Coolidge: A Man to Be Followed

 
 

Calvin Coolidge is an exemplar for conservative leaders because he was the very opposite of an ideological dreamer; he saw his vocation as a duty to provide the country that elected him with honest and frugal government that respected limits.

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President Obama’s recent State of the Union address made it perfectly clear that the era of what former Indiana Governor Mitch Daniels once called “shock-and-awe statism” will be with us for at least four more years. To find their way out of this mess, conservatives obviously need to look past President George W. Bush’s lamentable example of domestic profligacy and foreign adventurism over eight long years.

They would benefit, and at the state level are benefitting, from the remarkable conservative lessons of Calvin Coolidge. Amity Shlaes’s new biography, Coolidge, is a fine portrait of a president whose reputation has been restored after many decades of either being ignored or mocked.

Shlaes, a Bloomberg View economics columnist and author of the well-received The Forgotten Man: A New History of the Great Depression (2007), has written a sympathetic chronicle of Coolidge’s disciplined rise from obscurity in Vermont to the presidency. She sees Coolidge much as Paul Johnson did in his Modern Times (1984), a volume that memorably celebrated Coolidge in a brilliantly drawn portrait. Johnson tendered a provocative claim about Coolidge: “No one in the twentieth century . . . defined more elegantly the limitations of government and the need for individual endeavour, which necessarily involved inequalities, to advance human happiness.” Shlaes’s book provides ample evidence to support this claim.

Following his formal education at Amherst College and admission to the bar after reading law, Coolidge methodically rose through the political ranks: mayor, state legislator (where he formulated an invaluable maxim: “It is much more important to kill bad bills than to pass good ones”), governor, vice president, and then of course president. Coolidge made his national name when, as governor of Massachusetts, he fired striking police officers in 1919 (“There is no right to strike against the public safety by anybody, anywhere, any time,” he argued). This episode shows that while Coolidge was, as Shlaes rightly observes, “our great refrainer,” he was also fully capable of decisive action when necessary. Because of his steadfastness in resolving the turbulent strike, Shlaes says that “Coolidge was suddenly a person to be followed.”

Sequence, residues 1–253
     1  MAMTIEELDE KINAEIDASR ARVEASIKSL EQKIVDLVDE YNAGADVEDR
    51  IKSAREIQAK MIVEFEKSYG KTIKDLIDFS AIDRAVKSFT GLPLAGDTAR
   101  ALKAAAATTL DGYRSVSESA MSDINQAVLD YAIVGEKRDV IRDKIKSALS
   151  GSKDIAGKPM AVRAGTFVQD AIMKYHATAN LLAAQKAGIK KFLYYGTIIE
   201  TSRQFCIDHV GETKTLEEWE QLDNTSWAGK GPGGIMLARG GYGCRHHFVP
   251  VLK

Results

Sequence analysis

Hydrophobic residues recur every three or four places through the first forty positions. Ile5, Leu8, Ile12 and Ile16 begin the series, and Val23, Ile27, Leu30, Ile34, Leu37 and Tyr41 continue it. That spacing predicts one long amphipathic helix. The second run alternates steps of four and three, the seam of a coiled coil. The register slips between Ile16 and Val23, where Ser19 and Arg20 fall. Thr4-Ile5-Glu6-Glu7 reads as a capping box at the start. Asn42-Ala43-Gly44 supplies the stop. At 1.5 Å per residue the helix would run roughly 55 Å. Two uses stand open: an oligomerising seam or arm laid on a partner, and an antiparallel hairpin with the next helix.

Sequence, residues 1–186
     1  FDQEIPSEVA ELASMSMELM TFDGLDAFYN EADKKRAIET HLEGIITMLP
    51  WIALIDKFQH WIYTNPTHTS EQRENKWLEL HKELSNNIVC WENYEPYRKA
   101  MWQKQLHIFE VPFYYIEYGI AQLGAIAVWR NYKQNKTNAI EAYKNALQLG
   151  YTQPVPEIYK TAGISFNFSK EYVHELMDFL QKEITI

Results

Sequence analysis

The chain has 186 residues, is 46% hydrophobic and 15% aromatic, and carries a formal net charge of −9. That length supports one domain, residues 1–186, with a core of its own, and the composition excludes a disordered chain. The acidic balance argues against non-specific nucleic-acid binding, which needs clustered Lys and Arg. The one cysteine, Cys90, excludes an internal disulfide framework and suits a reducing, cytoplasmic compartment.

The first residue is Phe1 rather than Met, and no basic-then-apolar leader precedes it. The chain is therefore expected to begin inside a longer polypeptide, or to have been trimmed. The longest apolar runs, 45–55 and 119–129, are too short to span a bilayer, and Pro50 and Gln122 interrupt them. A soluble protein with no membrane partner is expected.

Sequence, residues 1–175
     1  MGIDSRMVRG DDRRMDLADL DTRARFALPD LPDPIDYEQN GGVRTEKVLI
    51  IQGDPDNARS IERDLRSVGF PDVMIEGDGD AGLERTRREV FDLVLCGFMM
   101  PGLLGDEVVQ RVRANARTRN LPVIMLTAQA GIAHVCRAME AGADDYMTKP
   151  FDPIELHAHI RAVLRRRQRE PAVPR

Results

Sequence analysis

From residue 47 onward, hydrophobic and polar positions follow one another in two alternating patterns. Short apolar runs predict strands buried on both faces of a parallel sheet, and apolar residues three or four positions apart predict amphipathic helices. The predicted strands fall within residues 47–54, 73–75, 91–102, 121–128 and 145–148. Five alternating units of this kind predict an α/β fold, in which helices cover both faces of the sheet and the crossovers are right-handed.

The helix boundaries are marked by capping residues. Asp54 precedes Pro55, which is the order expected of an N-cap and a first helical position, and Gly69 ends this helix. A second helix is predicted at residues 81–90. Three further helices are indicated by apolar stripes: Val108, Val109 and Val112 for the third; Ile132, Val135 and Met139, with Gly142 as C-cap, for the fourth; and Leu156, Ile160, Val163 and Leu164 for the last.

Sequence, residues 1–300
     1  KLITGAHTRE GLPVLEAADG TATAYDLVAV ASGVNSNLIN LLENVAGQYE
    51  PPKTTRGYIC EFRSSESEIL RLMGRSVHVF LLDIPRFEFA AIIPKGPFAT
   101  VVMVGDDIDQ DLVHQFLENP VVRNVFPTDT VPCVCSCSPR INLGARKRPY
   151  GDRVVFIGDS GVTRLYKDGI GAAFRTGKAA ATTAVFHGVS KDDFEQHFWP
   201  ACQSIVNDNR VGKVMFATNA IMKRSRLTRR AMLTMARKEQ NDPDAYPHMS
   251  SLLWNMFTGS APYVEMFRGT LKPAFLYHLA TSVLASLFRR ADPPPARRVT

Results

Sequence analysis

Reading Shlaes’s account of this bold action, one is reminded of Governor Scott Walker’s successful effort to rein in the collective-bargaining rapacity of public-employee unions in Wisconsin. He ably survived a well-funded effort to recall him for his reforms. Governor Chris Christie in New Jersey has also relentlessly confronted public-union (particularly teacher-union) excesses. As Coolidge saw in 1919 and Walker and Christie recognize today, when public unions act in a way that threatens the common good, principled resistance is leadership.

Shlaes also skillfully describes the easily overlooked subtleties of Coolidge’s accomplishments. She notes that at one point, a newspaper parodied Coolidge as Scrooge in A Christmas Carol. Shlaes’s reflection on this predictable depiction is a masterly summary of the Coolidge presidential record: